Artikel-artikel mengenai Astronomy

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Comet 46P/Wirtanen captured on November 15 this year using the remote iTelescope (Siding Springs Observatory, Australia). Flickr/Victor R Ruiz

We have a Christmas comet: how to spot 2018’s interplanetary bauble

The comet 46P/Wirtanen is just 1.2km in size but it should be visible in the night sky this Saturday as it makes a close approach to Earth this year. And don't forget the Geminids meteor shower.
Ripples in space-time caused by massive events such this artist rendition of a pair of merging neutron stars. Carl Knox, OzGrav

New detections of gravitational waves brings the number to 11 – so far

More ripples in space-time have been detected from merging pairs of black holes, one of which was the most massive and distant gravitational-wave source ever observed.
An artist’s impression of the surface of the planet orbiting Barnard’s Star. ESO - M. Kornmesser

A super-Earth found in our stellar back yard

The new planet is believed to be orbiting Barnard's Star, a red dwarf that's not visible to the naked eye but one of the closest stars to our Solar System.
The good thing about space is that – even though it has lots of dangerous stuff floating in it, and lots of exploding stars – it’s so big and empty that it almost doesn’t matter. NASA/CXC/U.Texas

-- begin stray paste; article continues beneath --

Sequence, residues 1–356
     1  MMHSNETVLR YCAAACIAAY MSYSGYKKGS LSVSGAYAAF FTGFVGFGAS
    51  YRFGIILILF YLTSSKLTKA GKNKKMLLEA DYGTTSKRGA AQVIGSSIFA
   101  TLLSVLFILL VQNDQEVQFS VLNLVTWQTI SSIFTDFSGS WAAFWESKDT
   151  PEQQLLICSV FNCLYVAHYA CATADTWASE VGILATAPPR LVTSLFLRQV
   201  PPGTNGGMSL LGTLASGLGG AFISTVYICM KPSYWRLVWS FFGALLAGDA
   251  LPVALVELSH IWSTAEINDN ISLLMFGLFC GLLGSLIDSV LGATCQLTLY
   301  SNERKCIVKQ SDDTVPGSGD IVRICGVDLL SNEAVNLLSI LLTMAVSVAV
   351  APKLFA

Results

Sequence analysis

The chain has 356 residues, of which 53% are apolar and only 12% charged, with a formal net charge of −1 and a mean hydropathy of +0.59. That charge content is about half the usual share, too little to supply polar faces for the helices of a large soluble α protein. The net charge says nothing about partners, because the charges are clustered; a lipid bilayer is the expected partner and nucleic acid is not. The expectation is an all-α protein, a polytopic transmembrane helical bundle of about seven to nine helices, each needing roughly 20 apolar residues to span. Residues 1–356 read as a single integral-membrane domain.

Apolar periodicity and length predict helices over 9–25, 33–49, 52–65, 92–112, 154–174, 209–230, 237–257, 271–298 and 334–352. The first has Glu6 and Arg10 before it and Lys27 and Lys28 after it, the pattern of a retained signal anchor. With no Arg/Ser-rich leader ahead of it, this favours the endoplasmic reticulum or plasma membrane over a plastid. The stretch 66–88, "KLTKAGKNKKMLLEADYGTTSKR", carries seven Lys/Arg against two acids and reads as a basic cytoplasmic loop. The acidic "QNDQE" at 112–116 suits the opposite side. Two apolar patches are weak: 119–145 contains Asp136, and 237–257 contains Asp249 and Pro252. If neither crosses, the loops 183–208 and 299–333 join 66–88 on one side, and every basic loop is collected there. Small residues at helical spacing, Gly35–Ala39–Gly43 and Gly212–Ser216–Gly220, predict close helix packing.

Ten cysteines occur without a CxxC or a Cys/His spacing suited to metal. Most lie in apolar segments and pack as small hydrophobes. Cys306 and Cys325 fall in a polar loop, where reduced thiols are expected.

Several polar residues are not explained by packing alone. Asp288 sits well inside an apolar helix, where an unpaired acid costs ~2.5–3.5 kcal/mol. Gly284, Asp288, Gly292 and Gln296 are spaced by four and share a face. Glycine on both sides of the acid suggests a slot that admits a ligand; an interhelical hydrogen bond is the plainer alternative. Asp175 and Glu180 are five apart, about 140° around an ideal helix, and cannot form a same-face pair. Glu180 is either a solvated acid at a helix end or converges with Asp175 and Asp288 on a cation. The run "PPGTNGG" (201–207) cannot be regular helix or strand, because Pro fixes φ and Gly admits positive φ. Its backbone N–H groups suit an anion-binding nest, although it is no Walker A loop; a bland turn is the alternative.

Curious Kids: If a star explodes, will it destroy Earth?

Are there stars other than the Sun that might explode soon close to us? Yes, there are! As long as by 'soon' we mean within a million years.
The Sun is a star – but it’s not the only one. NASA/GSFC/Solar Dynamics Observatory

Curious Kids: Is there anything hotter than the Sun?

There are lots of places where it's much, much hotter than the Sun. And the amazing thing is that this heat also makes new atoms - tiny particles that have made their way long ago from stars to us.
Pluto’s ghoulish cousin, 2015 TG387, lurks in the distant reaches of our own Solar System. Illustration by Roberto Molar Candanosa and Scott Sheppard, courtesy of Carnegie Institution for Science.

A Goblin could guide us to a mystery planet thought to exist in the Solar system

Whether you call it Planet X or Planet Nine, talk of another planet lurking in our Solar system won't go away. So what does the discovery of a new object – nicknamed "The Goblin" – add to the debate?
Captured: approximately 15,000 galaxies (12,000 of which are star-forming) widely distributed in time and space. NASA, ESA, P. Oesch (University of Geneva), and M. Montes (University of New South Wales)

Game-changing resolution: whose name on the laws of physics for an expanding universe?

Astronomers are voting to rename one of the laws of physics. The voting may have far-reaching effects leading to renaming of other laws and giving 'forgotten' scientists due credit.

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